Wednesday, October 12, 2011


First person. I love it. I read it. I write it. I am picky about its execution.

I'm reading a book now where the heroine says "my gray eyes..." repeatedly. I don't know about you, but I never think "my blue eyes scanned the room." If you and I don't think it, then it has no place in a first person narrative. On another note, my mentor, Jess Granger, made the comment, "The eyes did that all by themselves? Creepy." Yep. That's also a case of autonomous body parts. And yeah, I am their queen. I still struggle with the concept. 

(I'll be honest, that didn't even occur to me until Jess pointed it out. Shh.)

So, here are a couple of thoughts.

Writing first person is like driving a car.

You're in the driver's seat. Your hands are on the wheel. All directions and courses of actions are yours to decide.

Rolling with that analogy, you peer through the windshield. You see the world through that layer of glass.

You don't stand outside the car. Remember you've had this vehicle (your body) all your life. Unless you're vain, yeah, you turn a blind eye to the dings and rust spots. You know your flaws. Sometimes you even work to avoid noticing them.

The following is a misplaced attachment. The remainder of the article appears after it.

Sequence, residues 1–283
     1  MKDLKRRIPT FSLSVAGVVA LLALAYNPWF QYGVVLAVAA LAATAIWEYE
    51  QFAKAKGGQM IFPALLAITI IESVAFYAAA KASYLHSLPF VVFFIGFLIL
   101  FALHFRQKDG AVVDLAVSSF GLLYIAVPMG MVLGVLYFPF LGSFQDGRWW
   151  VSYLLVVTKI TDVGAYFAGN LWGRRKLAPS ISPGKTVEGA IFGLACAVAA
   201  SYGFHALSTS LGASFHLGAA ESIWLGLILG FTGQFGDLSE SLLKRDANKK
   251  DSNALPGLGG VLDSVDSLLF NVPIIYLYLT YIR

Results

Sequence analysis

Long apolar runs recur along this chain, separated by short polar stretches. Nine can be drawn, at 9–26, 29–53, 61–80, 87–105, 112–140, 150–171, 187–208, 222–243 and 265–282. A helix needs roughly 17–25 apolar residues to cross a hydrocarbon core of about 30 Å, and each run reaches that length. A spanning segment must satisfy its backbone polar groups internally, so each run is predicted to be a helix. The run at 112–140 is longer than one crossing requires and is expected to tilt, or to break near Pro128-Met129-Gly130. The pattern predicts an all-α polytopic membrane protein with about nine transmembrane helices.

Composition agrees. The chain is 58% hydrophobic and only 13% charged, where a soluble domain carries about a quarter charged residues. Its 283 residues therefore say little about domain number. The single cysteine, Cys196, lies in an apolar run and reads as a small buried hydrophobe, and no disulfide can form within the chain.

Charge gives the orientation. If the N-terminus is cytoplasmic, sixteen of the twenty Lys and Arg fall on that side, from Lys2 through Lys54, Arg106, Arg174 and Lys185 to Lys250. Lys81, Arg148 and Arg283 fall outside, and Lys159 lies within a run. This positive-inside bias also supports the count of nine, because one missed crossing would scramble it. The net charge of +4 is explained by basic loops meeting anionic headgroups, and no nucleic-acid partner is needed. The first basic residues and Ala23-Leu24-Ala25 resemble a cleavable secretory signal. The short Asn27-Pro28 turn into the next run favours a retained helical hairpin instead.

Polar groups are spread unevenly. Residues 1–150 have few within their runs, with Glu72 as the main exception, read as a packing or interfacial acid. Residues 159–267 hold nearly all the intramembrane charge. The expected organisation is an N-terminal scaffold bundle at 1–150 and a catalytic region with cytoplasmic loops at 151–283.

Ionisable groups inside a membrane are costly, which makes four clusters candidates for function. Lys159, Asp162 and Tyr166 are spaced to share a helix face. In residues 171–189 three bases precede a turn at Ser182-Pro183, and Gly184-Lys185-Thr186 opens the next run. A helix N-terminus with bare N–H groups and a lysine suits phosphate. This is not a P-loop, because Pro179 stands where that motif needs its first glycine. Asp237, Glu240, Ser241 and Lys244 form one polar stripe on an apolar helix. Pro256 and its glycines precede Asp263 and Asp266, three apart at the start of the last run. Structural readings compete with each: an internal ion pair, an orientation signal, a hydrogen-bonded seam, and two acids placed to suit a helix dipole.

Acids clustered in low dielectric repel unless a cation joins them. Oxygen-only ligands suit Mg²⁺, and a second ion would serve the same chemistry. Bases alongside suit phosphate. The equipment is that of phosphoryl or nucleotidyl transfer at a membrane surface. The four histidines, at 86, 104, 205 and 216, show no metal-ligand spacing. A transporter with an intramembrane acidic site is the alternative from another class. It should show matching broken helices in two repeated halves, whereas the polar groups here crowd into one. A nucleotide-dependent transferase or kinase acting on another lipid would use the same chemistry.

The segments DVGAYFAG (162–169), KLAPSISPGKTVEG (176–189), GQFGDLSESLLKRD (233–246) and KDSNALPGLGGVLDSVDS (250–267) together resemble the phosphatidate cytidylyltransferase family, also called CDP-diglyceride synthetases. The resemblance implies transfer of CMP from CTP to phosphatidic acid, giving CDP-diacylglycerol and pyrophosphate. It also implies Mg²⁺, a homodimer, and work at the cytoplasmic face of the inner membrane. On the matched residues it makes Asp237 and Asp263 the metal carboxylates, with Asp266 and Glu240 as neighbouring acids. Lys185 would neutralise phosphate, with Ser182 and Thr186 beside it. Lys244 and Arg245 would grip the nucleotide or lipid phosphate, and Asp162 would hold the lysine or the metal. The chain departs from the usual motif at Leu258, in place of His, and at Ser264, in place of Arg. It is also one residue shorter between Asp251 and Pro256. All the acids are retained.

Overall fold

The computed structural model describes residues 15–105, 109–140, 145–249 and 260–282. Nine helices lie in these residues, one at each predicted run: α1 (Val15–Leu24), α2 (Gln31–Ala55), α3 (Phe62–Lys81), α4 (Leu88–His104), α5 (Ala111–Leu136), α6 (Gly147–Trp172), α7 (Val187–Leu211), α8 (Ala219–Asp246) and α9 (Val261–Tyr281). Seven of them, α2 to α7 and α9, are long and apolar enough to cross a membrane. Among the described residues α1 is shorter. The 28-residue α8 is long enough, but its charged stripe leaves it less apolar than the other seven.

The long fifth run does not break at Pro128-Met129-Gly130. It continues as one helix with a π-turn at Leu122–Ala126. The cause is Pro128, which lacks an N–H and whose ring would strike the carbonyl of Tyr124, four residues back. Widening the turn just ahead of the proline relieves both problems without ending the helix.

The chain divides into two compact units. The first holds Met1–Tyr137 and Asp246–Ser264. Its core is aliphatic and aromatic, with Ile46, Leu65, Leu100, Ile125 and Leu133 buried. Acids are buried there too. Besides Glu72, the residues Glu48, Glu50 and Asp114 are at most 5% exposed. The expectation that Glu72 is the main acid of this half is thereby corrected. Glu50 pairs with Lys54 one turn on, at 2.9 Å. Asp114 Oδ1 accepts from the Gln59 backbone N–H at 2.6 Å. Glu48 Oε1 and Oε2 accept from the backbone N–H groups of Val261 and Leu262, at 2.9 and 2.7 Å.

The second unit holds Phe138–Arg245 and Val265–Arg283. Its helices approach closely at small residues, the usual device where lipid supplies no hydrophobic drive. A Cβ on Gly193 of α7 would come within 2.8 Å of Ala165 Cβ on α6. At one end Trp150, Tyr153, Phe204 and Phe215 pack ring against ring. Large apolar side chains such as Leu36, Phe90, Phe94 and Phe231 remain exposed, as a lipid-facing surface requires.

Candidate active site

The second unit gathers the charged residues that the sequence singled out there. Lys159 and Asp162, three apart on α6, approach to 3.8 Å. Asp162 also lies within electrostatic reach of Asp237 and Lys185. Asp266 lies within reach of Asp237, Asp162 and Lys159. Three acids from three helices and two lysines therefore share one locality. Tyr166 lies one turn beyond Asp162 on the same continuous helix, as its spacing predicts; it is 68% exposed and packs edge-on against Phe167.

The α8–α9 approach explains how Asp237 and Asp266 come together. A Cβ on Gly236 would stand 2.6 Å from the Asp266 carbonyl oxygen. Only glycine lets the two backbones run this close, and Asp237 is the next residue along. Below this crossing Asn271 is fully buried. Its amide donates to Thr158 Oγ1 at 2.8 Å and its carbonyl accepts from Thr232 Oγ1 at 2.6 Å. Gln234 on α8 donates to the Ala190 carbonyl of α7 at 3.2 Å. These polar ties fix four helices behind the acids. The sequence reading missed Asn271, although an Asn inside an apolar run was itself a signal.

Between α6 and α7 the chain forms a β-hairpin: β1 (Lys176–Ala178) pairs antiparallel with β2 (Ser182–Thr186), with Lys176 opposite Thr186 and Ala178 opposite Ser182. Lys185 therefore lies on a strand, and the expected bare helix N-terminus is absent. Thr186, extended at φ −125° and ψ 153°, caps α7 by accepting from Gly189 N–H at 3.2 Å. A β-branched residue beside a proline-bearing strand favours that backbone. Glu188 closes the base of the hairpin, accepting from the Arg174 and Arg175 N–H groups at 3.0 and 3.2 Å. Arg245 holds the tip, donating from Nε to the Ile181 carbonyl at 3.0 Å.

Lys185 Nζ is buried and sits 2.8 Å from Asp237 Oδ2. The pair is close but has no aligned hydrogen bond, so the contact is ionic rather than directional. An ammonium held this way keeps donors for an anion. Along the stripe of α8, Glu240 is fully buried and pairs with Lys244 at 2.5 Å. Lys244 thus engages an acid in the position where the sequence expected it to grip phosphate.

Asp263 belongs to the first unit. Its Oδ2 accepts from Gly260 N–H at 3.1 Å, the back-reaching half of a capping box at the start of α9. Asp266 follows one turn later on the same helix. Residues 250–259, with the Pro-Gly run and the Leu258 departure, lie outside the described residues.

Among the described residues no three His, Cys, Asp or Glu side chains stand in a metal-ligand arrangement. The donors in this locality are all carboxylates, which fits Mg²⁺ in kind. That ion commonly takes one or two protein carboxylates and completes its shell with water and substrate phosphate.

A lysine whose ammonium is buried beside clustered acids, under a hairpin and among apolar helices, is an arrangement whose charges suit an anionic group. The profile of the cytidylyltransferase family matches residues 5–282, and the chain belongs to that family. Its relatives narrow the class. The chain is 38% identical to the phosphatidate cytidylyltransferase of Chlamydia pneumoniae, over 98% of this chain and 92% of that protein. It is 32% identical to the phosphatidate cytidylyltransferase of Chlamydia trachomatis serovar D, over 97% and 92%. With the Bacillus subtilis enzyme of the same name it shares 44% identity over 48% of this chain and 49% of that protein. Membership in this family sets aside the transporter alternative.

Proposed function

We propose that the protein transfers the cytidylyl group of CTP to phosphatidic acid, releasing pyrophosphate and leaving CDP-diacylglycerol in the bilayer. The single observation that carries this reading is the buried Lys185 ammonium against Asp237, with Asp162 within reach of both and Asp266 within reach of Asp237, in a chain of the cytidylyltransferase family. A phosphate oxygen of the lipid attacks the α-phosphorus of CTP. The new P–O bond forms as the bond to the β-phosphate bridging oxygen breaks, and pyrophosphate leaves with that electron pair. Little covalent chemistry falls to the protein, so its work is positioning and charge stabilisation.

First person is a vacuum. You're inside that car with your thoughts. You're rocking along to your favorite tunes on the radio and that makes you less attentive to what's going on around you.

Everything you hear while in the car is muffled unless you lower your window (pay attention).

I could go on forever with this, but I'll try and control myself.

First person is one character's journey. It's flawed. It's told from one perspective, which means that perspective is colored by that individual's beliefs, hopes, dreams, pet peeves, childhood--all of it. People are more than the sum of their actions, they're products of their environments.

While writing in first, lose as many filters as possible.

Not "I saw him coming toward me and waved."

But "He strolled past me and the wave I'd intended died on my fingertips."

Sloppy example, but you catch my drift.

The first is bland. You know a guy is coming toward the narrator and she's waving. The end.

The second example shows us the guy is laid-back, on his way somewhere and unconcerned with how soon he gets there. The narrator intended to wave at him, but I'm guessing if he strolled right past her, he didn't notice her. She probably shoved her hand into her pocket, wishing she had the nerve to call out to him and give that wave, but that's another lesson. One on tension, which, IMO, carries a story. ;) 

Thoughts. Do you read first person? Like, love, or hate it?

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